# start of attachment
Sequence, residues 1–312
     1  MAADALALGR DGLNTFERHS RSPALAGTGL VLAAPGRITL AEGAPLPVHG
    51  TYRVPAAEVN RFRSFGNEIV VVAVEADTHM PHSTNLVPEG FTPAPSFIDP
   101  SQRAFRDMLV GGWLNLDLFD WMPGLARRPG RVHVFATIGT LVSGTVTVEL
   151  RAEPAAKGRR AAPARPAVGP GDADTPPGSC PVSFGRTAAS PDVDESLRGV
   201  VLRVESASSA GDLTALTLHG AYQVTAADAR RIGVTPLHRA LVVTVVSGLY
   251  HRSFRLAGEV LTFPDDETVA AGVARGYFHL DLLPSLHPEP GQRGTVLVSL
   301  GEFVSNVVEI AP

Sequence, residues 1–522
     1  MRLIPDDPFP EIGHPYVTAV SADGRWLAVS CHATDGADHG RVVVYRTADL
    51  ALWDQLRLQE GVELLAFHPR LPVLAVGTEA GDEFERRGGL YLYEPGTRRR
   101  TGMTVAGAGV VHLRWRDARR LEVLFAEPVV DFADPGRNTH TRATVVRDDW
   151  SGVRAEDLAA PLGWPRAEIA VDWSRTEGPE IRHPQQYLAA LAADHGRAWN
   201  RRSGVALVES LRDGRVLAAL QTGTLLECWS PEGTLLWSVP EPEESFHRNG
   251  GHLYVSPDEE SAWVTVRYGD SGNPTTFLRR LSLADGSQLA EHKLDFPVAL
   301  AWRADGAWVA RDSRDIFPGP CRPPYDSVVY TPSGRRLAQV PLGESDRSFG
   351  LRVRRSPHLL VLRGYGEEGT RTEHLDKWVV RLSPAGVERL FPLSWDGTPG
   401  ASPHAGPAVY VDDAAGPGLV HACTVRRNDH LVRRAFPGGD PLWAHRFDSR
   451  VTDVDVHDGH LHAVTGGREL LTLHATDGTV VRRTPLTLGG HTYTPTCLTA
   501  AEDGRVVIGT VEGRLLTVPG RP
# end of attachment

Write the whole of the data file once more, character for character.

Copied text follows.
Sequence, residues 1–312
     1  MAADALALGR DGLNTFERHS RSPALAGTGL VLAAPGRITL AEGAPLPVHG
    51  TYRVPAAEVN RFRSFGNEIV VVAVEADTHM PHSTNLVPEG FTPAPSFIDP
   101  SQRAFRDMLV GGWLNLDLFD WMPGLARRPG RVHVFATIGT LVSGTVTVEL
   151  RAEPAAKGRR AAPARPAVGP GDADTPPGSC PVSFGRTAAS PDVDESLRGV
   201  VLRVESASSA GDLTALTLHG AYQVTAADAR RIGVTPLHRA LVVTVVSGLY
   251  HRSFRLAGEV LTFPDDETVA AGVARGYFHL DLLPSLHPEP GQRGTVLVSL
   301  GEFVSNVVEI AP

Sequence, residues 1–522
     1  MRLIPDDPFP EIGHPYVTAV SADGRWLAVS CHATDGADHG RVVVYRTADL
    51  ALWDQLRLQE GVELLAFHPR LPVLAVGTEA GDEFERRGGL YLYEPGTRRR
   101  TGMTVAGAGV VHLRWRDARR LEVLFAEPVV DFADPGRNTH TRATVVRDDW
   151  SGVRAEDLAA PLGWPRAEIA VDWSRTEGPE IRHPQQYLAA LAADHGRAWN
   201  RRSGVALVES LRDGRVLAAL QTGTLLECWS PEGTLLWSVP EPEESFHRNG
   251  GHLYVSPDEE SAWVTVRYGD SGNPTTFLRR LSLADGSQLA EHKLDFPVAL
   301  AWRADGAWVA RDSRDIFPGP CRPPYDSVVY TPSGRRLAQV PLGESDRSFG
   351  LRVRRSPHLL VLRGYGEEGT RTEHLDKWVV RLSPAGVERL FPLSWDGTPG
   401  ASPHAGPAVY VDDAAGPGLV HACTVRRNDH LVRRAFPGGD PLWAHRFDSR
   451  VTDVDVHDGH LHAVTGGREL LTLHATDGTV VRRTPLTLGG HTYTPTCLTA
   501  AEDGRVVIGT VEGRLLTVPG RP